Developing close relationships with link workers, social prescribers, and community organisations is key to supporting our participants’ needs and interests. Keeping these communications open means that we can be aware of any access requirements, while knowing about individuals’ knowledge and historical interests helps us to tailor sessions to the people taking part in them – there is a broad range, too, of excavation and non-excavation activities available for participants to choose from. We also prioritise working in small groups, with one member of staff to every two participants per session. This creates a positive, welcoming environment, free from ‘big group anxieties’, which we find helps social relationships between participants to flourish. Keeping numbers limited also ensures there is time to break down archaeological skills and knowledge into manageable, accessible, and understandable units, explained using non-academic language.
In terms of making archaeology more accessible, there are a number of techniques that we have found to be particularly effective. One of these is creating a tiered trench, divided lengthways, with half excavated to 1.2m before the other half is dug – this allows people with mobility needs to excavate while sitting or standing. It also enables easier visual understanding of stratigraphic layers and the phasing of historical time-periods. We always ensure that trenches are spaced far enough apart to allow for easy wheelchair movement between them, and have stools/chairs available to accommodate those who are physically unable to stand or kneel.
Time to reflect
Each phase of AoP finishes with the Winter programme, which is a period of reflection and creativity inspired by participants’ time on the project. It includes indoor sessions dedicated to digital post-excavation recording, and to research for the final archaeological report, and was developed alongside participant interest, as the site activities came to an end, in maintaining the effects that we had been working to boost. By ending with an exhibition and an informal graduation celebration, this programme has become a natural conclusion to the project that recognises participants’ experiences and allows for reflection and reconnection with their AoP journey.
When their time with us is over, participants are signposted to further volunteer opportunities within AoP as peer mentors, within York Archaeology, and on other community excavations in Yorkshire, through a graduate newsletter. Clear archaeological follow-on opportunities are essential to underpin improvements in participants’ wellbeing, inspiring these to continue, and they have helped to make AoP a reliable, trusted part of mental health and wellbeing provision within York. Participants have positive, focused direction into future opportunities where relationships formed, and knowledge and experience gained, continue after the programme ends.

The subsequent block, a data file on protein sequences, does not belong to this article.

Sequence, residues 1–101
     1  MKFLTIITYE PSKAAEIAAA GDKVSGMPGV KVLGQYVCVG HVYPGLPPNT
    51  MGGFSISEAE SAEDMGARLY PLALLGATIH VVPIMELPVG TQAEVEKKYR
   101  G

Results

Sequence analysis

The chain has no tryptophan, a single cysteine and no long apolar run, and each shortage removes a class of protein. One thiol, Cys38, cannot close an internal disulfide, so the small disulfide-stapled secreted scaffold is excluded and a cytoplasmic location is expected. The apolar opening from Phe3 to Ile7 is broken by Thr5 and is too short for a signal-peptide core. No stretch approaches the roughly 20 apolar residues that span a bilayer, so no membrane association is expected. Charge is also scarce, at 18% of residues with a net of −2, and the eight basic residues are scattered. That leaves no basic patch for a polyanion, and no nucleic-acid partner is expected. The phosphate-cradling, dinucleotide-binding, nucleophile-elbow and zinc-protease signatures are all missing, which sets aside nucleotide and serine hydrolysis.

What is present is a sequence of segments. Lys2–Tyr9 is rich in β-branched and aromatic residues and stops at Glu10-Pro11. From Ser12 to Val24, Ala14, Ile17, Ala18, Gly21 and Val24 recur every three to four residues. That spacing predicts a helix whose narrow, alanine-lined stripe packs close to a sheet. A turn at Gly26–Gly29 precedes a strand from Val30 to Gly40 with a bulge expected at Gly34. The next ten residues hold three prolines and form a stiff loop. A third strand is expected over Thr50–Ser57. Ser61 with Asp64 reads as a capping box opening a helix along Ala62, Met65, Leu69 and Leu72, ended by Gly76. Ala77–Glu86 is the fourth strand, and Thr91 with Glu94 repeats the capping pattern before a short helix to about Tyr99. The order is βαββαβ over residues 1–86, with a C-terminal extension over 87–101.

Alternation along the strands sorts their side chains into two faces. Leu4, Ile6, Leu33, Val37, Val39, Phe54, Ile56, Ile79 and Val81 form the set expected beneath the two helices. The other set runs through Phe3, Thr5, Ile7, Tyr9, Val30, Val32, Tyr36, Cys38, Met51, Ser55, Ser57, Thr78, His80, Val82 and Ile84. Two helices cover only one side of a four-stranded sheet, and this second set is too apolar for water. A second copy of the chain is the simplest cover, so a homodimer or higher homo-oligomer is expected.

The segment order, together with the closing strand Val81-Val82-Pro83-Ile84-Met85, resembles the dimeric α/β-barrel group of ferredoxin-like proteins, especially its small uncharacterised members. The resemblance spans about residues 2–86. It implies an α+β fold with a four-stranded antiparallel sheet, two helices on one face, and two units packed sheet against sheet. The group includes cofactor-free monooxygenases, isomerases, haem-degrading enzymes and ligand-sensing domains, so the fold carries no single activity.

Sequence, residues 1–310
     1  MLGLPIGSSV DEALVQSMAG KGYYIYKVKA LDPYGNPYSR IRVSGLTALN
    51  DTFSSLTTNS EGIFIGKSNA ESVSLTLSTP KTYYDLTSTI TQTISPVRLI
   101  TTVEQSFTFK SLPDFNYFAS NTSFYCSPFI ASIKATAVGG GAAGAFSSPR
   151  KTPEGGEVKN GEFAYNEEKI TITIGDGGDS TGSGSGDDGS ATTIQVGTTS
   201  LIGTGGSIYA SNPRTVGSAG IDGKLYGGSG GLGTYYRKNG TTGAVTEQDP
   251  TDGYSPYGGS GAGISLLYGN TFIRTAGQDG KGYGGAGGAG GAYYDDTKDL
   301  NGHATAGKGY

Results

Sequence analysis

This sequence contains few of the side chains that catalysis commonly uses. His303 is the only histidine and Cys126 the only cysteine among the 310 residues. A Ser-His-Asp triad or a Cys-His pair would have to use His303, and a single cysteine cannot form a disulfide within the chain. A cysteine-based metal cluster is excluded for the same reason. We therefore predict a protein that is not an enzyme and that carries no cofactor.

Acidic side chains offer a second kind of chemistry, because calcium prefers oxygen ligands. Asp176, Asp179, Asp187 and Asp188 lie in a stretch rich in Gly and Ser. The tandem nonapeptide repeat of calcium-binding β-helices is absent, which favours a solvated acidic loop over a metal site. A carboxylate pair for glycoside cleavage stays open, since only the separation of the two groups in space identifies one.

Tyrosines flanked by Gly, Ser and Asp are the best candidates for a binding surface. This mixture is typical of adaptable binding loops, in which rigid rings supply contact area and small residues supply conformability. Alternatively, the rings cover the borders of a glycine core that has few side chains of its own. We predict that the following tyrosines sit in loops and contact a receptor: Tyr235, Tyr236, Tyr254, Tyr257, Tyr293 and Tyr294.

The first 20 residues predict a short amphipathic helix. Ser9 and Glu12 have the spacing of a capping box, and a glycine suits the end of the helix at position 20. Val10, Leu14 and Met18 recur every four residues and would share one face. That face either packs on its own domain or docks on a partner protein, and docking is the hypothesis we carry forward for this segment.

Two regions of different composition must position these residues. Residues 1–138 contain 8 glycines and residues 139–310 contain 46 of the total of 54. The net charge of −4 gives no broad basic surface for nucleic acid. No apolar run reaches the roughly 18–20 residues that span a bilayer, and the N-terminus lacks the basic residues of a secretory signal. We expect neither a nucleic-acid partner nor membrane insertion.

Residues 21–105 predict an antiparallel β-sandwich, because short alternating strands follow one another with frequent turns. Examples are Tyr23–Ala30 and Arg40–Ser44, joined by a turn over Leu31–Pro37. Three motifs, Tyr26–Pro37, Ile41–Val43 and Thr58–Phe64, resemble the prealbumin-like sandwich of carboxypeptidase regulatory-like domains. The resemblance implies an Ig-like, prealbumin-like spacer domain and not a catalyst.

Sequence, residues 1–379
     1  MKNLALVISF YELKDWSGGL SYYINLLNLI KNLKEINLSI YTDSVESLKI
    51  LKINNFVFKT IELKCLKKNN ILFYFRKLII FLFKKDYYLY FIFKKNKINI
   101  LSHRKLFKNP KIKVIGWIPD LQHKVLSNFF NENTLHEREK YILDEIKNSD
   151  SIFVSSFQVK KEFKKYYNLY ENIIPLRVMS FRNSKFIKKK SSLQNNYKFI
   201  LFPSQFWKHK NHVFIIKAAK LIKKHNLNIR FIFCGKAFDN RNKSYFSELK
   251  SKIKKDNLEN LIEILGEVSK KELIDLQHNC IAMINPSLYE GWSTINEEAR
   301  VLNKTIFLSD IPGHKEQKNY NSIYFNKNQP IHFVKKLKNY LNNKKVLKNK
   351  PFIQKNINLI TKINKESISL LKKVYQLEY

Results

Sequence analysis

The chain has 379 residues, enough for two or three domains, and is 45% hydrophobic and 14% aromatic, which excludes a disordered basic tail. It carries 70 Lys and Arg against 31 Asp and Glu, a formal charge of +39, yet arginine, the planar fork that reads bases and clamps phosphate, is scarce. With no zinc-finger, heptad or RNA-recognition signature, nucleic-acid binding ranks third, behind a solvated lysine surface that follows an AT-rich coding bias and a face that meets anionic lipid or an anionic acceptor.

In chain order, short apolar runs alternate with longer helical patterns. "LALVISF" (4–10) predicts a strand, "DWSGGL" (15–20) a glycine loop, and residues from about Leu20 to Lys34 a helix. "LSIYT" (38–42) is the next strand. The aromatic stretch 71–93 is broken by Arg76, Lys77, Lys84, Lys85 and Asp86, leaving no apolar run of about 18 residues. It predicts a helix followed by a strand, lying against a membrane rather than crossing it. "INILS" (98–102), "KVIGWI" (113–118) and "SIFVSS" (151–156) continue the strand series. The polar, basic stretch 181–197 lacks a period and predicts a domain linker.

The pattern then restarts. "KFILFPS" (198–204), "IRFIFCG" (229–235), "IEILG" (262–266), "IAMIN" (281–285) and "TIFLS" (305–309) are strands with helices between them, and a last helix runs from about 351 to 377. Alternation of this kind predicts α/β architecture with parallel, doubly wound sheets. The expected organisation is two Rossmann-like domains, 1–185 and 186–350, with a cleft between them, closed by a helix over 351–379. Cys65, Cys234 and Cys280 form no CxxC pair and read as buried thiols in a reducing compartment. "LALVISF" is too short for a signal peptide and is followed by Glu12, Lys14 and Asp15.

Our staff, too, are always learning as part of AoP. We provide training in Mental Health First Aid, professional boundaries, and disability awareness, and would recommend this for any organisations running wellbeing activities with vulnerable people. We commission monthly, externally led staff supervision to provide a safe forum to discuss any support needs, and we have also restructured the original programme design to include time for debriefing and reflective practice within the working day. Above all, we continue to review our methodologies regularly to maintain a best-practice approach, and AoP continues to evolve.
The success of our project so far is encouraging, highlighting the potential power of other heritage and archaeology initiatives to make an important contribution to the wellbeing of society generally. To help quantify this, we undertake various non-medicalised evaluation activities to get immediate and long-term responses from participants, highlighting the impact that AoP has had on them. One participant, for example, said: ‘My family have noticed a huge difference in my mood and motivation the night before my AoP sessions and then my excitement after the session talking about what we have found.’ A link worker noted that: ‘I had a wonderful visit to AoP this morning with a patient who has now enrolled in the programme – [they] wasn’t feeling confident about going out and doing anything but came away from the session with a huge smile on [their] face – thank you so much for the amazing work you do.’
In May 2022, AoP’s transformative effects on York’s residents was recognised at the Museum + Heritage Awards, where we won Community Engagement Project of the Year. Judges were impressed by the initiative’s ‘simple, strong, confident concept, one which is not limited in ambition or scope…It is both impactful and scalable and is actively changing lives.’
In the future, we intend to continue to embed AoP as a long-term, sustained social prescribing offer in York, remaining at the forefront of the evolving social prescribing sector. We will continue exploring new opportunities, while building new partnerships with organisations in other social prescribing regions beyond the city, disseminating the impact that such a project can have on the lives of as many people as possible.
For more details of Archaeology on Prescription, see http://www.yorkarchaeology.co.uk/archaeology-on-prescription.
Meg Barclay is Community Engagement Officer at York Archaeology.
Images: York Archaeology